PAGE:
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Bones of Thorax
Skeletal System

Bones of Thorax

Ossa thoracis

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Description

The thoracic cage (rib cage) is the osteocartilaginous structure found in the thoracic region of the axial skeleton. It provides the framework for the thoracic wall and protection to organs of the thoracic and upper abdominal regions.

The thoracic cage is birdcage-like in appearance and consists of twelve pairs of ribs and the sternum. The first to tenth ribs being connected to the sternum via costal cartilages. The thoracic cage is widest, transversely, at the level of the eighth or ninth ribs.

To allow for communication between the thorax and the body regions situated superior and inferior to it, the thoracic cage has superiorly and inferiorly located openings. The superior opening is the superior thoracic aperture (anatomical thoracic inlet). It is kidney-shaped, smaller than the inferior thoracic aperture, and its outline is defined:

- posteromedially, by the anterior aspect of the vertebral body of first thoracic vertebra;

- laterally, by the internal borders of both the right and left first ribs and their corresponding costal cartilages;

- anteromedially, by the superior border of the manubrium of sternum.

The inferior opening of the thorax is the inferior thoracic aperture (anatomical thoracic outlet). It is larger than the superior thoracic aperture, and its outline is defined:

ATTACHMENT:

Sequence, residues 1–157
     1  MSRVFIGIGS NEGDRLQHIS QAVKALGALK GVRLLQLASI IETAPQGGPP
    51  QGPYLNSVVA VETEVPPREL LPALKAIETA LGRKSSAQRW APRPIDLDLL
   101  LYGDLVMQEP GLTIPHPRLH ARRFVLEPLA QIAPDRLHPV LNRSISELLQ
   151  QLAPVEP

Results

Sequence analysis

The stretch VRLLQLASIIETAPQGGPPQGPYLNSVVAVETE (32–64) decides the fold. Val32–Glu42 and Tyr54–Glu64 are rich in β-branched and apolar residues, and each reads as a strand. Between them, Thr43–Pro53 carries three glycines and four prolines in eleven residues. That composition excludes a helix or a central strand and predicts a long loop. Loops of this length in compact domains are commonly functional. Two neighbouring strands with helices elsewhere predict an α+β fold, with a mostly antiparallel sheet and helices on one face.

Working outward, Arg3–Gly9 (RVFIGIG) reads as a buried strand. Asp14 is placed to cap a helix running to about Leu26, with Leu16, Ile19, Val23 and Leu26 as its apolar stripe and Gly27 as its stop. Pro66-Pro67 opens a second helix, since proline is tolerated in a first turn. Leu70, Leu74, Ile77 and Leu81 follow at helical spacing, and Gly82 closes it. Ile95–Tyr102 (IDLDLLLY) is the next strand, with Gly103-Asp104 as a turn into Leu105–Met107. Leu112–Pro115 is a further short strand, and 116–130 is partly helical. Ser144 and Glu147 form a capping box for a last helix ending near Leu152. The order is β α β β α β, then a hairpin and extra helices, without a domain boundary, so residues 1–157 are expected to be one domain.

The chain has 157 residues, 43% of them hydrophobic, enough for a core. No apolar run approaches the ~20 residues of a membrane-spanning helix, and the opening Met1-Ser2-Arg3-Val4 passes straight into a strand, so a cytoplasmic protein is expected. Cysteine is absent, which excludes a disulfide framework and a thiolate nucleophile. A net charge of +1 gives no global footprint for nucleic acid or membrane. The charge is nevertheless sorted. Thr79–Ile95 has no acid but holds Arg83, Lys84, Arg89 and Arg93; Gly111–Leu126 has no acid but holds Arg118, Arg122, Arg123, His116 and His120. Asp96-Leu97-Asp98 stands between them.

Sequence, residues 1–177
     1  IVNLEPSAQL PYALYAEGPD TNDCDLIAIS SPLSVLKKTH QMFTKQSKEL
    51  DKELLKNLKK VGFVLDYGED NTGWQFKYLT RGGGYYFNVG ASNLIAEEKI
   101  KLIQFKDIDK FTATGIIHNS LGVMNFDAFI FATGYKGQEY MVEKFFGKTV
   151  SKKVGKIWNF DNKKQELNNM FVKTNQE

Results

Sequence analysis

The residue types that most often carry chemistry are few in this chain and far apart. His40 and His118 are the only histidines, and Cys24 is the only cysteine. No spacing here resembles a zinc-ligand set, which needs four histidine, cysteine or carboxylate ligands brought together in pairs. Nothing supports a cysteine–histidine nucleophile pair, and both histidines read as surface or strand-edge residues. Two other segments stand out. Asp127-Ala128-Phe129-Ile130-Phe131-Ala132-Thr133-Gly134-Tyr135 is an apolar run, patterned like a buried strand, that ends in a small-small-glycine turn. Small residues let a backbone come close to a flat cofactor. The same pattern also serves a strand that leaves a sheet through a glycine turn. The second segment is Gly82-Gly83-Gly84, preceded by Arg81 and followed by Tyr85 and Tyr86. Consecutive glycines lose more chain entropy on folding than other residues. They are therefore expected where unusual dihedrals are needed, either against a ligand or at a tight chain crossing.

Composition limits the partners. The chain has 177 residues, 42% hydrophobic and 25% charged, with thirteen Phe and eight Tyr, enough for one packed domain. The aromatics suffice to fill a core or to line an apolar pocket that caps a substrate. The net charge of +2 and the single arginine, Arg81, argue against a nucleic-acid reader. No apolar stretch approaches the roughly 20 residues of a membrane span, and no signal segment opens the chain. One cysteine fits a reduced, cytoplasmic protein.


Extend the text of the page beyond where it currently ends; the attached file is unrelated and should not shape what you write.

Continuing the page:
- posteromedially, by the anterior aspect of the vertebral body of twelfth thoracic vertebra;

- posterolaterally, by the inferior borders of both the right and left twelfth ribs;

- laterally, by the costal cartilages of both the right and left eleventh ribs and the anterior end of the right and left tenth ribs;

- anterolaterally, by both the right and left costal margins;

- anteromedially, by the xiphisternal joint.

These structures not only outline the inferior thoracic aperture, but also provide attachment sites for the diaphragm.

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Variations

The bones of the thorax also display sexual dimorphism. The thoracic inlet is more oblique in females. Additionally, the sternum is longer in males and its suprasternal notch is located at the level of the second thoracic vertebra. The suprasternal notch in females is at the level of the third thoracic vertebra. Thoracic capacity is also greater in males than females (Standring, 2020).

References

Standring, S. (2020) Gray's Anatomy: The Anatomical Basis of Clinical Practice. 42nd edn.: Elsevier Health Sciences.

Learn more about this topic from other Elsevier products

Chest

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The thorax is defined inferiorly by the diaphragm and superiorly by the clavicles.

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